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President Trump says Cohen 'directly' asked him for a pardon, contradicting ex-lawyer's testimony


Former Trump lawyer Michael Cohen responded by calling the president a liar

Andrew Harrer/Bloomberg via Getty Images

President Donald Trump has publicly contradicted Michael Cohen's sworn testimony to Congress, saying that his former lawyer had asked for both a pardon and a job in the White House and had been denied both.

What did Cohen claim?

During Cohen's Feb. 27 hearing before the House Oversight Committee, Rep. Jim Jordan (R-Ohio) told Cohen that he believed the disbarred lawyer was lashing out at Trump because he was never offered a job in the White House.

"I did not want to go to the White House," Cohen insisted, claiming that he had been offered jobs in the administration and had turned them down. On one occasion, he claimed, Trump had "ream[ed] out" former White House chief of staff Reince Priebus for not convincing Cohen to accept a job.

He also said that he had "never asked for" a presidential pardon, and that he would not have accepted one if it had been offered.

What did Trump say?

In a tweet on Friday, Trump said that Cohen had "directly asked me for a pardon," but that Trump had refused to comply.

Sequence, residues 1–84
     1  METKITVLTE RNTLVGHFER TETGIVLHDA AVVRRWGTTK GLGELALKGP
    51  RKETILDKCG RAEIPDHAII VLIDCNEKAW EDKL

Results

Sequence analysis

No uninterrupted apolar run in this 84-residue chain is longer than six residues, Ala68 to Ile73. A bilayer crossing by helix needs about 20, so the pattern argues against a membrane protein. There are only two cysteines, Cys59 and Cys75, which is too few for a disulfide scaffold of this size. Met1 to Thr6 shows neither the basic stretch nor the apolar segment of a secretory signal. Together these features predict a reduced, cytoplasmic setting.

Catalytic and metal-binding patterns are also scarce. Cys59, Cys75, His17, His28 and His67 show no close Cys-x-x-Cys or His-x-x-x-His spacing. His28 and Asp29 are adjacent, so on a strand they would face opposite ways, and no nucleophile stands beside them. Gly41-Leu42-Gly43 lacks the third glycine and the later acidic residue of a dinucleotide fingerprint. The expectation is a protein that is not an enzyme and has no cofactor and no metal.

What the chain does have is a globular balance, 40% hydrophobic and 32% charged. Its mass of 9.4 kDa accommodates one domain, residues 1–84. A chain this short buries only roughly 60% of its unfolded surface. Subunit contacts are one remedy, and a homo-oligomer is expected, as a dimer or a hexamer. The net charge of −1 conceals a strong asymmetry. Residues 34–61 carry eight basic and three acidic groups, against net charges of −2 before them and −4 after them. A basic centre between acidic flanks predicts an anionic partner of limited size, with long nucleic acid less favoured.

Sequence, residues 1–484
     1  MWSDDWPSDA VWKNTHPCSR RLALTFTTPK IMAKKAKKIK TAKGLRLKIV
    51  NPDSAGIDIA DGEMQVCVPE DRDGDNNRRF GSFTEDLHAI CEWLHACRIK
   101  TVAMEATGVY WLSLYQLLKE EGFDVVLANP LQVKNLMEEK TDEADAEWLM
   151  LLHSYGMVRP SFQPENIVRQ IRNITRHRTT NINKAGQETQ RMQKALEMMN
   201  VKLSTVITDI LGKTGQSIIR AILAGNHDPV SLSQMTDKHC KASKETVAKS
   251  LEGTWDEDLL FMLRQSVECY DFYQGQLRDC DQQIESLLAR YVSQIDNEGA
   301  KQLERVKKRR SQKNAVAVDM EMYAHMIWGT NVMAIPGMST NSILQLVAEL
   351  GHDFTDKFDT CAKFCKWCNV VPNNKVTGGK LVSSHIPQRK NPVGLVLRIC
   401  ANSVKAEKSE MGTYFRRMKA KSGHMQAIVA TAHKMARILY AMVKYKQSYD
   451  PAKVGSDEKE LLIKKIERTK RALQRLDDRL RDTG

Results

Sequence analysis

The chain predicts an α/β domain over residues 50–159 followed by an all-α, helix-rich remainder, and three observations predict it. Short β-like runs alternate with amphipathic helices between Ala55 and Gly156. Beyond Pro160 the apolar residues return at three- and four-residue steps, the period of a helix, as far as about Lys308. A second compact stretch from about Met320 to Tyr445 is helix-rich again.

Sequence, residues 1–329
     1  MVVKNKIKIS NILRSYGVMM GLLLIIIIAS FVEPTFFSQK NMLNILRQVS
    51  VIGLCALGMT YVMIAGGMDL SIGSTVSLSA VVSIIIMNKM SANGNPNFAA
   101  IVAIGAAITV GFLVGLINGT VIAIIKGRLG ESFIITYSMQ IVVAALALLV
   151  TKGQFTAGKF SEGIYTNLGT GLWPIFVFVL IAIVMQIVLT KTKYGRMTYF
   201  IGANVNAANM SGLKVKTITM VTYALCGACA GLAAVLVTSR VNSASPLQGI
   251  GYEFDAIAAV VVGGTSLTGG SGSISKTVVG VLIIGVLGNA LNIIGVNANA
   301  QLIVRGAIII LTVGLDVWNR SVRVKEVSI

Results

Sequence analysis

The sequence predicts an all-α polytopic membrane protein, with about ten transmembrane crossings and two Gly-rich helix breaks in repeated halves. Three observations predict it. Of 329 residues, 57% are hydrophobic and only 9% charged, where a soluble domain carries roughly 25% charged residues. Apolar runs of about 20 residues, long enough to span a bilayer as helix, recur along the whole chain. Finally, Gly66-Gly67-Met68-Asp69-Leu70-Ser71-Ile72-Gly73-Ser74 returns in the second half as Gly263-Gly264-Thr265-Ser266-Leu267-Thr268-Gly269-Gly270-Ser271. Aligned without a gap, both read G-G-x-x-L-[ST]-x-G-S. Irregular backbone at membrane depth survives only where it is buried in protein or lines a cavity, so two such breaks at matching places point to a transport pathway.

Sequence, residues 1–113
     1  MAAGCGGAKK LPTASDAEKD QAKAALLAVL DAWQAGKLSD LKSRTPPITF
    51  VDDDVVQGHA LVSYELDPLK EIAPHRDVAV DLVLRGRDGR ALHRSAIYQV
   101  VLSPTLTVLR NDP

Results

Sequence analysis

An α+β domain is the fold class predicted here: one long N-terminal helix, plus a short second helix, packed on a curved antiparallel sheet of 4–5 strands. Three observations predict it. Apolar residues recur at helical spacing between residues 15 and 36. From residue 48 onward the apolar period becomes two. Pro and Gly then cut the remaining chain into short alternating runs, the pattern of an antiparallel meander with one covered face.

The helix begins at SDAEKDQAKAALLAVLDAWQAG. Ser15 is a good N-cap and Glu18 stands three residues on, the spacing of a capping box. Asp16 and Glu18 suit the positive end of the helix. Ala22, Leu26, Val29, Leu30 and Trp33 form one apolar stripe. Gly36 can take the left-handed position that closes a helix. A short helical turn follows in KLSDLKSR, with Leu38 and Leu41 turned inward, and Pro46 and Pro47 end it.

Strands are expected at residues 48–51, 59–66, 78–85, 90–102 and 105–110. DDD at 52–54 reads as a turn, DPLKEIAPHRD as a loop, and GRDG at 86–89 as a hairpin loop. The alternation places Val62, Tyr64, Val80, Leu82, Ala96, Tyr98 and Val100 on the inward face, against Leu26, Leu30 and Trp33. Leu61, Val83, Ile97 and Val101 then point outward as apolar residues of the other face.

Trump repeated this sentiment to reporters on Thursday, saying that Cohen's assertion was "a stone-cold lie." "And he's lied about a lot of things, but when he lied about the pardon, that was really a lie," he added

For once, CNN and Trump seem to be on the same page — at least when it comes to Cohen's truthfulness. After Cohen testified to the committee that he had never been interested in a job at the White House and in fact had been offered jobs and turned them down, a CNN panel pointed out once the hearing ended that earlier reporting contradicted this claim.

Cohen shot back in a tweet of his own about half an hour later on Friday, calling these accusations "[j]ust another set of lies" from Trump.

But Cohen's own attorney, Lanny Davis, said on Thursday that one of Cohen's lawyers had reached out to the president's lawyer, Rudy Giuliani, to try to secure a presidential pardon at some point between when his offices were raided in April and July last year, when Cohen had agreed to cooperate with prosecutors.

Davis insisted, however, that once Cohen had agreed to cooperate he had "authorized me as a new lawyer to say publicly Mr. Cohen would never accept a pardon from President Trump even if offered."

In November, Cohen had pleaded guilty to lying to Congress during a Senate Intelligence Committee hearing.

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